Question about the correct resistor for MAX7219 RSET

I’ve done some searching about this, and there’s certainly lots of confusion & questions about this, but none that cleared up my question.

Here’s what I’m doing:
I wiring my own 64 LED matrices that I currently plan to drive with a number of MAX7219s. I have used the MAX7219 a number of times, so the code and wiring is something I have a handle on. What I don’t quite understand is how to arrive at the correct RSET resistor value when I’m wiring the matrix. For clarity, the MAX7219 uses a single resistor between the ISET pin and the 5V supply for all the LEDs controlled by the MAX7219.

The maximum current of the MAX7219 is rated for is 500mA:

I intend on using an LED such as this:

These LEDs individually have a 20mA forward current, and a 3.8V voltage. Do I multiply the amperage by 64 to get the value to apply to resistor table for the MAX7219? 64 x 20mA puts the value way outside the table in the datasheet, which is in a range of 10mA to 40mA. That single RSET resistor appears to set the peak for all LEDs, but in the MAX7219 datasheet RSET table, it refers to “segment current” and not overall device current.

What I’m really trying to figure out is the brightest LEDs I can use in a 64 led matrix with the 500mA ceiling of the MAX7219. In the use of the matrix, I will frequently be lighting all of the LEDs at the same time. I’m wiring the LED matrix myself because I need control of 64 x numberOfBoards LEDs, and they will not be in the usual 8x8 grid.

The MAX7219 RSET table is attached.


The table is for per-segment current, so about 22 is the value to use (I presume thats in k-ohms)

MarkT: The table is for per-segment current, so about 22 is the value to use (I presume thats in k-ohms)

Are you basing that choice on the spec of the individual LED, or the individual LED spec x 8? If you wouldn't mind typing out you calculation, it would be really helpful.

I always use 10K! :wink:

The adjustment for leds with different forward voltages is small, so I don’t worry about it. The ISET resistor sets the peak current, and with 64 leds, the average current will be one eighth of that. Most leds will take 4 or 5 times their max continuous current as long as the duty cycle is 1 in 10 or less and the pulses are short (eg. <1ms), so I figure 2 times the max continuous current with a 1 in 8 duty cycle is probably ok.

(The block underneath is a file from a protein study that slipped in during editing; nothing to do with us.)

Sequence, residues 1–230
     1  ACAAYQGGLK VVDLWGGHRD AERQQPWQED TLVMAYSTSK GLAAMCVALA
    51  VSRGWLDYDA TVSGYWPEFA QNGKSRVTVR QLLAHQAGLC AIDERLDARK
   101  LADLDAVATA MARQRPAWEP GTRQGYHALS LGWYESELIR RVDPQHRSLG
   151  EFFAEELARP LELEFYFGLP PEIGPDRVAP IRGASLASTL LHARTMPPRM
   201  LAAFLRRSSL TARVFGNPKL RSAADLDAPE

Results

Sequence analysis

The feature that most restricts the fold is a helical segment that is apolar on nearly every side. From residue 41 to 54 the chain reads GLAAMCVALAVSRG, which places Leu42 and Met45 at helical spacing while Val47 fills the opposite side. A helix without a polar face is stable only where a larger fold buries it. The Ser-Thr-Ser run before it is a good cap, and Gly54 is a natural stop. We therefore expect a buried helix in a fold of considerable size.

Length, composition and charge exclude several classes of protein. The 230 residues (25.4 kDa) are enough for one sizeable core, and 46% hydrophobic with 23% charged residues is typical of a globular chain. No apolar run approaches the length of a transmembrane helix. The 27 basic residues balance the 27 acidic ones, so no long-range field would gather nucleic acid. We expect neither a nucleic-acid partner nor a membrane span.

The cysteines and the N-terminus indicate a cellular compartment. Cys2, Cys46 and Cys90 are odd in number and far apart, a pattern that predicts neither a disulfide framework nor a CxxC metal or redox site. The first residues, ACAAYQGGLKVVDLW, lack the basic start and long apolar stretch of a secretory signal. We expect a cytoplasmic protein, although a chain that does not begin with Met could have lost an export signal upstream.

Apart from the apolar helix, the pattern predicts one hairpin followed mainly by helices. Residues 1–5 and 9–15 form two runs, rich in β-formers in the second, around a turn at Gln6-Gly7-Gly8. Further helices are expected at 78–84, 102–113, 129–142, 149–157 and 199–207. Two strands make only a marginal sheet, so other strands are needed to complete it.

I did have some trouble with leds blowing when using '7219 like this but they were dirt cheap leds off ebay and I don’t think the quality was great. With better quality leds I’ve had no problems.


I always use 10K! :wink:

That’s exactly what I’m testing it with. It’s working fine, but I feel like there’s some obvious rule or common sense that I’m missing.

Two things to bear in mind:

thermal cycling tends to reduce component life, so higher frequencies are better for multiplexing as the temperature variation is less per cycle.

LED efficiency decreases on overload - the manufacturers have already tried to milk the best performance out of the LED chip already, so increasing the current density not only affects reliability but efficiency too.

Use a preset pot for Rset?

I also have an ldr attached to an analog pin on the Arduino, for every '7219 project I've done so far, so I can set the display brightness based on ambient light levels. So the average led current will be less still, except in bright conditions.

MarkT: Use a preset pot for Rset?

thanks. a potentiometer is a good idea.